Bog Bodies: Archaeological Narratives and Modern Identity.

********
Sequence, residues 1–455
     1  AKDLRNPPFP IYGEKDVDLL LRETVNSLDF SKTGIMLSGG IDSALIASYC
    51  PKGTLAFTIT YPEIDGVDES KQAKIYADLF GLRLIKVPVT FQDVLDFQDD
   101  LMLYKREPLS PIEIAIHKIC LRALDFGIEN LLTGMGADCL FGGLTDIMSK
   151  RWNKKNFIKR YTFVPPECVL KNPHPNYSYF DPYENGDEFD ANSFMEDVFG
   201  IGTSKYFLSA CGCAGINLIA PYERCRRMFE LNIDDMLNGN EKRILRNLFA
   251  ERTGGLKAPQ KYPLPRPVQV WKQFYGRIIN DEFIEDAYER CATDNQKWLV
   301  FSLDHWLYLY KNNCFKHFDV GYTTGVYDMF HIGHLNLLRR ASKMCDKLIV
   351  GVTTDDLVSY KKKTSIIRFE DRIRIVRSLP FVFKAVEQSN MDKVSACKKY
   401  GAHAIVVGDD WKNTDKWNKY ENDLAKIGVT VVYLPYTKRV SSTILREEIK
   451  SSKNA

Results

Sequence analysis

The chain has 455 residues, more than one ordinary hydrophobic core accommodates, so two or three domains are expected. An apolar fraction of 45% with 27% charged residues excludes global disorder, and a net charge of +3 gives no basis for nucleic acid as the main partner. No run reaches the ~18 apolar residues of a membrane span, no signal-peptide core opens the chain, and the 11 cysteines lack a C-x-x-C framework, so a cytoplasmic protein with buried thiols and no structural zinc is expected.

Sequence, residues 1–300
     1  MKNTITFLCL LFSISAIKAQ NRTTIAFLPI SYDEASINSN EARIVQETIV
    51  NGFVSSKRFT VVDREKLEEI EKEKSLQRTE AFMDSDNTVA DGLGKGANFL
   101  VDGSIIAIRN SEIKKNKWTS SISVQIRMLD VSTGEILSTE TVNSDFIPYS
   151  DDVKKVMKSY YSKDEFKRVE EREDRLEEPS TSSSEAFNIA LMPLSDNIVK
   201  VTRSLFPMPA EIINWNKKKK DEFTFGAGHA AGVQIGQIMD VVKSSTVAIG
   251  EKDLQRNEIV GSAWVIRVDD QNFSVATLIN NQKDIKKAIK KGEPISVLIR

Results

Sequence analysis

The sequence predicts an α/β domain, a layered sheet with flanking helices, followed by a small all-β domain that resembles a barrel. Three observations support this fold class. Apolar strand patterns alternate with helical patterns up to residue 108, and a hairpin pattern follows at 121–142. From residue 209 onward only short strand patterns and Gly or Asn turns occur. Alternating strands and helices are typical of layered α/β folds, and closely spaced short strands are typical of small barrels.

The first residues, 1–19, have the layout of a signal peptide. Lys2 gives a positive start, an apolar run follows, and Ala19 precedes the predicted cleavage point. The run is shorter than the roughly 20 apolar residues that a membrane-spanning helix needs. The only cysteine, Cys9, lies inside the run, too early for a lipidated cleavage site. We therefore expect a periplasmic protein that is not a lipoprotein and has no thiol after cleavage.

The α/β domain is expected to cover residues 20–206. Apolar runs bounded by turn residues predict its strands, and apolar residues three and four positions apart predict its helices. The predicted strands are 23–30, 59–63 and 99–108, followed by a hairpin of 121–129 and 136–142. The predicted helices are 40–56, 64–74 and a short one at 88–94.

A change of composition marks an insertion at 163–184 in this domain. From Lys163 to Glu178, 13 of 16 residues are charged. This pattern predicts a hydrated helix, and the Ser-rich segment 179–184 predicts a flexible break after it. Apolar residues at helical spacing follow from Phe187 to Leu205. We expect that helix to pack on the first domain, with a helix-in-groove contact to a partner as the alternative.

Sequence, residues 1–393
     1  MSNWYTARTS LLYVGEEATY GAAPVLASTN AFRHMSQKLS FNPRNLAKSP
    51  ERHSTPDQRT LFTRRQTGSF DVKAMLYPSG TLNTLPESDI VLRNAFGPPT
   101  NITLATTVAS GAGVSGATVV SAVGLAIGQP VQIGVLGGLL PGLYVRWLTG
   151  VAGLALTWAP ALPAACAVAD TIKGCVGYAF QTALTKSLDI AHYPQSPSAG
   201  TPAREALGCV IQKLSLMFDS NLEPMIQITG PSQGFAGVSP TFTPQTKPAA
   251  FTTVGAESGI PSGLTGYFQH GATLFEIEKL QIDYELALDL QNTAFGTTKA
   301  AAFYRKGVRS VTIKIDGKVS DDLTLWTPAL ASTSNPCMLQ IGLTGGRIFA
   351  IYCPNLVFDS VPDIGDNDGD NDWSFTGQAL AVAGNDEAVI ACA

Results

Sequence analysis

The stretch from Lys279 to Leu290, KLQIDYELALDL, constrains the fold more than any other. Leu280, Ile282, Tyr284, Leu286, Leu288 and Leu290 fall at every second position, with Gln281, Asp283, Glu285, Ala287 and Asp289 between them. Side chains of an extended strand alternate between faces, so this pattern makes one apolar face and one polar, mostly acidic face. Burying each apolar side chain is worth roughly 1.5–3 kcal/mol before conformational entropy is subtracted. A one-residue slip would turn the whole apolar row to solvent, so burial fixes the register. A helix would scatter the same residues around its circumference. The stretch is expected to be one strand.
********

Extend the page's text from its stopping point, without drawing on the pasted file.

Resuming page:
Lindow Man, the British Bog Body discovered in 1984, and the Danish examples Tollund and Grauballe Men, discovered in 1950 and 1952, represent quite literally the violent face of a confrontational past. But what exactly do the archaeological narratives say? When presented with the forensic evidence can we explicitly conclude they were murdered as human sacrifices to appease the Germanic and Celtic gods and goddesses during times of affliction? Or are they simply an example of our own imposition of modern assumptions onto the past in a flare of sensationalism and mystical dramatization of the tumultuous affairs of noble savages? How have these narratives played out in the public sphere, particularly museum and heritage, and in modern culture such as the Irish poet Seamus Heaney’s bog poems. Do they reinforce harmful myths of an excessively violent past dominated by innately uncivilized natives? Who does the past really belong to and who has the authority to voice it? Many facets of bog body scholarship remain hotly contested including the human sacrifice interpretation, the usage of Tacitus as the only remaining historical source and Heaney’s use of the bog victims as a metaphorical analogy for the Northern Ireland sectarian violence. My contribution is precisely to present these interpretational narratives from a critical perspective and question scholarly assumptions of ritualism. Further, I will explore how archaeological narratives are presented to the public through the unique heritage that bog bodies embody. Lastly, I will investigate the conceptualization of the “other” through Tacitus’ Germania and Heaney’s bog poems.